Sarasota Herald-Tribune: By Megan Kearney – The National Hurricane Center is issuing advisories on Potential Tropical Cyclone Six, a disturbance that is expected to impact the Caribbean this week.

Satellite imagery this afternoon continues to show the system is becoming better-organized, but the disturbance still does not yet have a well-defined closed circulation, the NHC reported in an updated advisory.

Data from the aircraft and surface observations indicate the disturbance has gained some strength: maximum sustained winds have increased to near 40 mph with higher gusts.

The system, located just south of Puerto Rico, is expected to become a tropical storm Tuesday evening as it moves over the northeastern Caribbean Sea, and the hurricane center is issuing tropical storm watches and warnings for the region. There is a 90 percent chance of formation within 48 hours.

The next name on the 2021 list for the Atlantic hurricane season is Fred. There have been no named storms since Hurricane Elsa dissipated one month ago on July 9.

There is a risk of wind and rainfall impacts in portions of Florida beginning Friday through the weekend, but it’s too soon to tell the timing, location, and magnitude of any potential impacts, given the uncertainty in the long-range forecast, according to the NHC. Interests in Florida should monitor updates to the forecast.

“The system is being guided along to the west-northwest by the circulation around a large area of high pressure over the central Atlantic,” AccuWeather Hurricane Expert Dan Kottlowski said.

As a result, Florida and the Florida Keys may be in the path that the system will take. This scenario could unfold if the high-pressure area weakens and allows the system to turn more to the north later this week, Kottlowski explained.

Here’s the latest update from the NHC as of  8 p.m. Aug. 10:  

What’s out there and where is it?

  • Location: About 40 miles southeast of Ponce, Puerto Rico and about 240 miles east-southeast of Santo Domingo, Dominican Republic
  • Maximum sustained winds: near 40 mph
  • Present movement: west-northwest at 17 mph
  • Minimum central pressure: 1009 mb
  • Next advisory: 11 p.m. Tuesday

How likely is it to strengthen? 

The system has gained some strength, with maximum sustained winds near 40 mph with higher gusts, according to data from the aircraft and surface observations. Conditions continue to appear favorable for strengthening before the system reaches Hispaniola in about 18 hours. 

Gradual strengthening is forecast during the next day or so and the disturbance is expected to become a tropical storm this evening. Some weakening is likely while the system interacts with Hispaniola on Wednesday.

  • Formation chance through 48 hours: high, 90 percent.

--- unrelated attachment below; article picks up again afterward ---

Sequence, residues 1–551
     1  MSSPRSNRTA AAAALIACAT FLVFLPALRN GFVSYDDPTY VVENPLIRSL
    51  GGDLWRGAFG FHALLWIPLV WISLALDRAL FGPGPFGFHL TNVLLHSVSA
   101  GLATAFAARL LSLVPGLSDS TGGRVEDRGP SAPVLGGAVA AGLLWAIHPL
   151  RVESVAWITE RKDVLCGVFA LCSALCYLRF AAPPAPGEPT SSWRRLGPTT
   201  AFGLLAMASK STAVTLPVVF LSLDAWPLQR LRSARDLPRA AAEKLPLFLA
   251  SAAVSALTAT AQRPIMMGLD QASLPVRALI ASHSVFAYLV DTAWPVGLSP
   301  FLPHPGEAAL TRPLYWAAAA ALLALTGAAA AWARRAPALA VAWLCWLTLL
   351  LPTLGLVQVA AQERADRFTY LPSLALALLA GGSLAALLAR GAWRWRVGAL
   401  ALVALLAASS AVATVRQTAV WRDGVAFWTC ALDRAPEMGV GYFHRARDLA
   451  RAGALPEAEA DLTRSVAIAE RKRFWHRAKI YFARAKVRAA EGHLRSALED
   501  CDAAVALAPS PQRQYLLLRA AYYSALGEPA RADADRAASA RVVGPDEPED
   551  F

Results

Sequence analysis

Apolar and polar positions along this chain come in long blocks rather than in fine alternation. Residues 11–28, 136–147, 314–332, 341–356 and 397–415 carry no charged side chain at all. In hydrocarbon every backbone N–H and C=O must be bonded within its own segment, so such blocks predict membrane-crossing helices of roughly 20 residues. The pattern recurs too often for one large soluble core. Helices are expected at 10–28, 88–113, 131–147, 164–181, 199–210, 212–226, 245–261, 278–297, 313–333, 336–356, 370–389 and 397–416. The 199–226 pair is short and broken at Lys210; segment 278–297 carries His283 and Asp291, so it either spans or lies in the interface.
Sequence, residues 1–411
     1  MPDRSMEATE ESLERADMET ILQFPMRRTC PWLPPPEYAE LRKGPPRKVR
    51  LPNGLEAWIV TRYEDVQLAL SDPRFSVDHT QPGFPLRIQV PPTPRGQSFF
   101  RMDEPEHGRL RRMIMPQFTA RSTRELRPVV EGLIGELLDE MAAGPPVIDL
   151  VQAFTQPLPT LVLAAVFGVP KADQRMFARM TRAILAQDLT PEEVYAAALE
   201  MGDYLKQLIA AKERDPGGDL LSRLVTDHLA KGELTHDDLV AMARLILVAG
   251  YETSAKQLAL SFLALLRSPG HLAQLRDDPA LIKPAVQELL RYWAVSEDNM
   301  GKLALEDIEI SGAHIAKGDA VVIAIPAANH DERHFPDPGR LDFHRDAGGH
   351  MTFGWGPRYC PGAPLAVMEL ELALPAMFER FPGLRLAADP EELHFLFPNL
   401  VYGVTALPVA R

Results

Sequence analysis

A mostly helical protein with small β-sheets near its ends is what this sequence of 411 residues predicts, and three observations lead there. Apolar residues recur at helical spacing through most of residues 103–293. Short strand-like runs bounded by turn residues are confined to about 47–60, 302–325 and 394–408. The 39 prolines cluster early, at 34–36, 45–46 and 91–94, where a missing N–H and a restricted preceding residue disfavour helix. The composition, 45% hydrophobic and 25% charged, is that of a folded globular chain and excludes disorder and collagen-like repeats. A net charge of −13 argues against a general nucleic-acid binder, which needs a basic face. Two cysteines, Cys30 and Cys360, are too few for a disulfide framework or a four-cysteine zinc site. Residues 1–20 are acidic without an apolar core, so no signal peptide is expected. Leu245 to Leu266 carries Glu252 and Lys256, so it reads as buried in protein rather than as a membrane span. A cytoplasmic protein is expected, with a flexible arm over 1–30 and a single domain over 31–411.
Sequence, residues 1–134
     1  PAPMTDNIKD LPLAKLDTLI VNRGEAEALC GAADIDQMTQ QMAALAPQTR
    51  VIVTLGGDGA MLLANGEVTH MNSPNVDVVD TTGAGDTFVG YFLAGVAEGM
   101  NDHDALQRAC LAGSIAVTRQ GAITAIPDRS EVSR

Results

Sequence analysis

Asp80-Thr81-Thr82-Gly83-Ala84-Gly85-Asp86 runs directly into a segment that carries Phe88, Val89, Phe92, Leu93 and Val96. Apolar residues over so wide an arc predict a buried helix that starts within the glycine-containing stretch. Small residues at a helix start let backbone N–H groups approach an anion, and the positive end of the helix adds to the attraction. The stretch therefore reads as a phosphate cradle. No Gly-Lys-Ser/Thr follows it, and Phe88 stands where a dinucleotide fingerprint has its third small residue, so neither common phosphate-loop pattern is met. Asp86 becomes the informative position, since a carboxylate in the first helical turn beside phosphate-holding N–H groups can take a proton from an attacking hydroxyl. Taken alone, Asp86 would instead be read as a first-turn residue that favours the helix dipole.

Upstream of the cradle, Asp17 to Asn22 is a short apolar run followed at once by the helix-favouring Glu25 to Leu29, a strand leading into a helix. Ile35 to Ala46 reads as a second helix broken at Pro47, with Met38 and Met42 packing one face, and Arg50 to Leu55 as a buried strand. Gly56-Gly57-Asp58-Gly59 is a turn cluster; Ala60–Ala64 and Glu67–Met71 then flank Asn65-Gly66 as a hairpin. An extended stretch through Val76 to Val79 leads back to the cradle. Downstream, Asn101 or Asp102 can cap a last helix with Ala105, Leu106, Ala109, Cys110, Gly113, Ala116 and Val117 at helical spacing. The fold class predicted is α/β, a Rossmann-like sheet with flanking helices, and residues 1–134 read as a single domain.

• Formation chance through five days: high, 90 percent.

Who is likely to be impacted? 

On the forecast track, a turn back toward the west-northwest is expected to occur early Wednesday, and this motion will continue during the next few days. The disturbance is forecast to pass near the southern coast of Puerto Rico Tuesday night, and be near or over Hispaniola on Wednesday, and be near the southeastern Bahamas and the Turks and Caicos Islands Thursday.

Heavy rains are likely over the Virgin Islands and Puerto Rico. Heavy rainfall could lead to flash, urban, and small stream flooding and potential mudslides across the U.S. Virgin Islands and Puerto Rico. The greatest threat for flooding impacts will be across the eastern and southeastern portions of Puerto Rico.

Tropical storm conditions are expected in the warning areas in the U.S. Virgin Islands and Puerto Rico Tuesday nig, and in the Dominican Republic by early Wednesday.

Tropical storm conditions are possible elsewhere along the northern coasts of the Dominican Republic, northern Haiti, the Turks and Caicos, and the southeastern Bahamas beginning late Wednesday.

A Tropical Storm Warning is in effect for:

  • Puerto Rico, including Culebra and Vieques
  • US Virgin Islands
  • Dominican Republic on the south coast from Punta Palenque eastward and on the north coast from Cabo Frances Viejo eastward

A Tropical Storm Warning means that tropical storm conditions are expected somewhere within the warning area within 36 hours.

A Tropical Storm Watch is in effect for:

  • Dominican Republic on the north coast from Cabo Frances Viejo to the Dominican Republic/Haiti border
  • Haiti from the northern border with the Dominican Republic to Gonaives
  • Turks and Caicos Islands
  • Southeastern Bahamas

A Tropical Storm Watch means that tropical storm conditions are possible within the watch area.

a close up of a map© Provided by The St. Lucie News-Tribune
  • Top Feature Graphic: © National Hurricane Center The forecast path of Potential Tropical Cyclone Six at 8pm Tuesday, August 10, 2021